'60 Minutes' reporter didn't want NSA story to be 'a puff piece'
In an interview with "60 Minutes Overtime" producer Ann Silvio, John Miller talks about his intentions with "60 Minutes"' two-part NSA story, which ran Sunday. Miller said the disclosure that he used to work in the Office of the Director of National Intelligence was important, but "You also don't want this to be a puff piece."
I think we asked the hardest questions we could ask. And part of this is not to go there and show you can beat up a public official in an interview. I have been beat up as a public official in interviews, and I have beaten up public officials in interviews. Our job this time was to take the hardest questions we could find and ask them, 'What's the answer to it,' and then spend a couple of minutes listening. Because this is really the side of the story that has been mined only in the most superficial ways. We've heard plenty from the critics. We've heard a lot from Edward Snowden. Where there's been a distinctive shortage is, putting the NSA to the test and saying not just 'We called for comment today' but to get into the conversation and say that sounds a lot like spying on Americans, and then say, 'Well, explain that.'"
NSA Director Gen. Keith Alexander "made the call to invite us in," "60 Minutes" producer Ira Rosen says in the same video. NSA monitored interviews for the piece, and Alexander called "time out" at certain points in his interview with Miller. At one point, when "60 Minutes"' cameras accidentally captured an image of a certain person, security staff reviewed the show's recordings.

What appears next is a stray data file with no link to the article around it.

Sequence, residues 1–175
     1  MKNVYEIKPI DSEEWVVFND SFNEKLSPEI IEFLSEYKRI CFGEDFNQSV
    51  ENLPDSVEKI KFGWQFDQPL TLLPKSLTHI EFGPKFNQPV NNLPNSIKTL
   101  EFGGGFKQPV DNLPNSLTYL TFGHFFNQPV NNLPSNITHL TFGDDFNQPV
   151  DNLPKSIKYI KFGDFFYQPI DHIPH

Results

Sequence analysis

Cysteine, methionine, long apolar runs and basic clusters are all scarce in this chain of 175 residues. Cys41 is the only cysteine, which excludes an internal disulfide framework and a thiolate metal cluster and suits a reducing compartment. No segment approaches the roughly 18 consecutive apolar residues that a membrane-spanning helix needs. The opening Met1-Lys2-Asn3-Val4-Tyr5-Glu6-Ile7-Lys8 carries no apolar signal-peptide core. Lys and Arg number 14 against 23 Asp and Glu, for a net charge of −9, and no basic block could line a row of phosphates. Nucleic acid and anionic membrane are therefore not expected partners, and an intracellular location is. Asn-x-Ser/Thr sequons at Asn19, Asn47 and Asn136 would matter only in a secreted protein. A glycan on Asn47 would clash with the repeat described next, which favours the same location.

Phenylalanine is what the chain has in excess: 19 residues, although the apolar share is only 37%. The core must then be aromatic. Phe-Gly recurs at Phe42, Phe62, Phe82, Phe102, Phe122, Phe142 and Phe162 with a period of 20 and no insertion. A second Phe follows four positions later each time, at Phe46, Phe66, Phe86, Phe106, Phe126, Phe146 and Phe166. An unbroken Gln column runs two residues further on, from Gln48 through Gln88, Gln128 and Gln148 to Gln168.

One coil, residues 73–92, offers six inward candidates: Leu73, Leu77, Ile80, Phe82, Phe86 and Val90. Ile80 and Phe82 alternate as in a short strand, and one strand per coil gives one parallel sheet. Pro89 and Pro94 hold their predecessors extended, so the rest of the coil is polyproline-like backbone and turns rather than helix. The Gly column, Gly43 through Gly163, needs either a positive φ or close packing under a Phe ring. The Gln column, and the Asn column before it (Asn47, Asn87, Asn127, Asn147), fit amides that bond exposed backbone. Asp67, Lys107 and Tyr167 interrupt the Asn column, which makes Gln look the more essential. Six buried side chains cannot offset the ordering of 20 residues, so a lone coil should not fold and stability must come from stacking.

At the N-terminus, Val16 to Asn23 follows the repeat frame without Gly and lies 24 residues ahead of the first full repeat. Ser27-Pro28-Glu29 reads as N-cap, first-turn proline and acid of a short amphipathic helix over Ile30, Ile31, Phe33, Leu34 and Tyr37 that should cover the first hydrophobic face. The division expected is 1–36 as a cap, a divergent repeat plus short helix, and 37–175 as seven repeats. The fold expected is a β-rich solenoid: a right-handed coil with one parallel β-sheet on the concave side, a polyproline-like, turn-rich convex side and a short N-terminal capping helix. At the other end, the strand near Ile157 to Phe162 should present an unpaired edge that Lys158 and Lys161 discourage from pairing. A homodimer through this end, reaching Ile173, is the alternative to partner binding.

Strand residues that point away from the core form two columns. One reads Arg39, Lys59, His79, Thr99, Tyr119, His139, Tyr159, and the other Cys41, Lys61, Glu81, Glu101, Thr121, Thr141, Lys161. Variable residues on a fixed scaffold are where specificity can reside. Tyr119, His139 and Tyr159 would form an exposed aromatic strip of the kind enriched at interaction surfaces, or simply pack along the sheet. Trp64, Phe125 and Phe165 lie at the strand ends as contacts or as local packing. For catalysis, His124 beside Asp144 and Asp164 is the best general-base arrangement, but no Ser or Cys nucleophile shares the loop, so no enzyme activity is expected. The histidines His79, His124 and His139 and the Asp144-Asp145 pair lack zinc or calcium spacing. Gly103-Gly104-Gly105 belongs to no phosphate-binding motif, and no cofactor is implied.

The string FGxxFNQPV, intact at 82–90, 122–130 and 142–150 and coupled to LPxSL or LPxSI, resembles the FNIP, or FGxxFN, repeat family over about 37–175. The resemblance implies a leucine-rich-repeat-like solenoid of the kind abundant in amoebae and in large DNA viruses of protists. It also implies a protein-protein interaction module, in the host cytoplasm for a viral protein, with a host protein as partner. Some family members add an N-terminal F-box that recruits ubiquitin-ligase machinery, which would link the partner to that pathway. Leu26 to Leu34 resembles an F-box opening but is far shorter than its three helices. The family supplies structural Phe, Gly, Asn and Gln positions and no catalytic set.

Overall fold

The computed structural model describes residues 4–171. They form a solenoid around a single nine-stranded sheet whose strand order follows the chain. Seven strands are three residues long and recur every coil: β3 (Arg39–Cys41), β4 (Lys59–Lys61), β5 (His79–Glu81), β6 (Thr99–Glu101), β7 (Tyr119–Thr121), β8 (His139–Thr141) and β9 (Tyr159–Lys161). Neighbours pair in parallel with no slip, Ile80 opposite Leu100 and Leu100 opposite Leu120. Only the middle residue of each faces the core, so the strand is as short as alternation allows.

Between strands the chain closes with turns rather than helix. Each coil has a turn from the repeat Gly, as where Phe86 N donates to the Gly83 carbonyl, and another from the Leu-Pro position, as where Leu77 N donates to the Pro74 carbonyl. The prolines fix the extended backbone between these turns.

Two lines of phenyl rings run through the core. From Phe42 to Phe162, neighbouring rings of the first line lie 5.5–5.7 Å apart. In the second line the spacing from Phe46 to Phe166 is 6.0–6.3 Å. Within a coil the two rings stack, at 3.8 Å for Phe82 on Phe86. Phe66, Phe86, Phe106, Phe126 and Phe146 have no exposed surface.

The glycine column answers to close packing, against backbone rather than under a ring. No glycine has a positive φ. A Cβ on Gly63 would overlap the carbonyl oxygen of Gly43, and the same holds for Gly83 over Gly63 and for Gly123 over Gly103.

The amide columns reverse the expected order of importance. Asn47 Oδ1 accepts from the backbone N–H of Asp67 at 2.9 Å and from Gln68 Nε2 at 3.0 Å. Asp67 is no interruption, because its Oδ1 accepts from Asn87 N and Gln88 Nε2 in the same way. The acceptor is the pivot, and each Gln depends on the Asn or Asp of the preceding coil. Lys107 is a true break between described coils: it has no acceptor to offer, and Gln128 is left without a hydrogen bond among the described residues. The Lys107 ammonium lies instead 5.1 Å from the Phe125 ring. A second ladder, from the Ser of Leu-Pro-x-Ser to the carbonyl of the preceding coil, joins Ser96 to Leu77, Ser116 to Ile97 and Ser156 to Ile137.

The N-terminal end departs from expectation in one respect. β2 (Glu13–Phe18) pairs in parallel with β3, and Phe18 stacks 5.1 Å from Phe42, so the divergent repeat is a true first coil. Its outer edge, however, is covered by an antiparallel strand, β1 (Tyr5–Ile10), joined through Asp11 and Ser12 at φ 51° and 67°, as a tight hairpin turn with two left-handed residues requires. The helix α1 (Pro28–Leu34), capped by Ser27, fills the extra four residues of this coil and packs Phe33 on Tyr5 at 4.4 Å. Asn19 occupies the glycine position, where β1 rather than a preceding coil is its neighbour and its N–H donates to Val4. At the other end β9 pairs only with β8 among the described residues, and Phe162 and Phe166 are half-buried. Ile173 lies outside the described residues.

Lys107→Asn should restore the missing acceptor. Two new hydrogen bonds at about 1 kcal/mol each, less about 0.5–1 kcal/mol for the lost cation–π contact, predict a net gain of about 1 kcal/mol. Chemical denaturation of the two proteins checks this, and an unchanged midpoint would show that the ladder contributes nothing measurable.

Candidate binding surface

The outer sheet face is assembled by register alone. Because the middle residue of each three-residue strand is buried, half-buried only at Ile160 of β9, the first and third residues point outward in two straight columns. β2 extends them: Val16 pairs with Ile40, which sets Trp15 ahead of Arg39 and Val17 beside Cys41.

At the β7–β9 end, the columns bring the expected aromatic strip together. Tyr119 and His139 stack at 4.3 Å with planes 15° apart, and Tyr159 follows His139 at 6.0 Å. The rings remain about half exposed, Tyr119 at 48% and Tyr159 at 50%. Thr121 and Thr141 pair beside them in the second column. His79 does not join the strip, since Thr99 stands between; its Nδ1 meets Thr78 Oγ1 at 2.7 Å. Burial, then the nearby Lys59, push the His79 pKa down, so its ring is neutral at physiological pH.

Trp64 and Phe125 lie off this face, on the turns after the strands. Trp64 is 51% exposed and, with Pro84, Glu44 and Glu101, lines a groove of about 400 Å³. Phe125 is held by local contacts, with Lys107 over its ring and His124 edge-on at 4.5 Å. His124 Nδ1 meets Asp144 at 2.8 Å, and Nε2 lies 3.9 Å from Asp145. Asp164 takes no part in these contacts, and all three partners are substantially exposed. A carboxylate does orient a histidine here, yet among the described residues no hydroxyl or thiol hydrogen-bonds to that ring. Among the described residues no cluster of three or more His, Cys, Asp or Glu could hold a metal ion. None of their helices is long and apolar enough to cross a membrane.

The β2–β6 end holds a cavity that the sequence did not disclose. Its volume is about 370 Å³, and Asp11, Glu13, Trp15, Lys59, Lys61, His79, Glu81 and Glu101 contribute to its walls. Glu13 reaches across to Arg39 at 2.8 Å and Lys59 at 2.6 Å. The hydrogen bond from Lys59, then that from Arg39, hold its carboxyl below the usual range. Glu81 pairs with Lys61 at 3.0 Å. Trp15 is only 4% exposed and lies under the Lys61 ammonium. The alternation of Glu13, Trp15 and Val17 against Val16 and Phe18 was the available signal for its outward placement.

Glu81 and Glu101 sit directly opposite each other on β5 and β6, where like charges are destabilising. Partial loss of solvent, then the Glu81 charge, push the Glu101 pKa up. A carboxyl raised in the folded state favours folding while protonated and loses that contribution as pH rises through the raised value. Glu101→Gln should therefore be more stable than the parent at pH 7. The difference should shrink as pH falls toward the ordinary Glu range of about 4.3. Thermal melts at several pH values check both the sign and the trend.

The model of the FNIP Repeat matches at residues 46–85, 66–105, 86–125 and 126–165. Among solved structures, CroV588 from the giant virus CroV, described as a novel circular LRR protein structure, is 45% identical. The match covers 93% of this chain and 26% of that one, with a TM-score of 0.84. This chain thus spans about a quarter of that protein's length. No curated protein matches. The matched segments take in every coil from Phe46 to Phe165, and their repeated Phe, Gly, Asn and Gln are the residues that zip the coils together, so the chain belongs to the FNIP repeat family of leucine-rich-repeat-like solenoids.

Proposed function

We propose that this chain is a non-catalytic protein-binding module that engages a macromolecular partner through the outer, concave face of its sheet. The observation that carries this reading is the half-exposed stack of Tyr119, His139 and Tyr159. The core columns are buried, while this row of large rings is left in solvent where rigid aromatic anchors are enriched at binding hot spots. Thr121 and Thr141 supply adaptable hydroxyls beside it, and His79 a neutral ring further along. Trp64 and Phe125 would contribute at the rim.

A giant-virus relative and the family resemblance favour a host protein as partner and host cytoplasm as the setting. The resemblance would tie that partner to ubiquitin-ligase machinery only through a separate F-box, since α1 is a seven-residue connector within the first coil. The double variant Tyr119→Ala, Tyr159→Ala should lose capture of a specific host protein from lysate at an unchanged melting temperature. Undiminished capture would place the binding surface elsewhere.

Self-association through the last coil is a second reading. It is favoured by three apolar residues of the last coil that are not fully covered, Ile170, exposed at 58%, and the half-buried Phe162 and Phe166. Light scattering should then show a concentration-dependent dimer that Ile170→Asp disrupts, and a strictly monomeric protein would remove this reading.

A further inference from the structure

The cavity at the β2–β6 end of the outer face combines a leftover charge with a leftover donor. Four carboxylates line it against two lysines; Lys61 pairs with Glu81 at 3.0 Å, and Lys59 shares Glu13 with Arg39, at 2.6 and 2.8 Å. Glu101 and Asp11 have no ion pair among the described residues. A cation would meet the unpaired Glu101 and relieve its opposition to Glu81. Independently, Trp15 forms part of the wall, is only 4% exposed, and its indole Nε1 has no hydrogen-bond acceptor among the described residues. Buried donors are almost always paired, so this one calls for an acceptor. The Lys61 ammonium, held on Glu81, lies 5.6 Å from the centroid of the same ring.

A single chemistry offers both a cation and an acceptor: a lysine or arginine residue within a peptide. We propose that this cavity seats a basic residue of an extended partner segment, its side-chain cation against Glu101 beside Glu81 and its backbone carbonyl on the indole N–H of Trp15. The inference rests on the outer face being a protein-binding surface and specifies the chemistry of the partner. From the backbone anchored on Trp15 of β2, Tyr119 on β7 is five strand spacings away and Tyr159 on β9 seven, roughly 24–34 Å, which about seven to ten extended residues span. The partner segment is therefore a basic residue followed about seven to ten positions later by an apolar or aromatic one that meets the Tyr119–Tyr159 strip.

"What they got was a chance to make their case," Miller says.
But although Miller says the show approached critics in Congress and privacy advocates to craft its questions, he didn't ask Alexander why he said in 2012 the United States doesn't hold data on its citizens.
The pieces are not terribly complimentary toward Edward Snowden, described by Miller as a "20-something-year-old high school dropout contractor." Snowden cheated on an exam for NSA employment and worked at home with a hood covering his head and computer screen, an NSA official tells Miller. "That's pretty strange," Miller says.
Circa's Anthony De Rosa collected reactions to the broadcasts, writing Sunday night he was still looking for positive reports. Some representative tweets (the first is, of course, by a guy who has some skin in this game):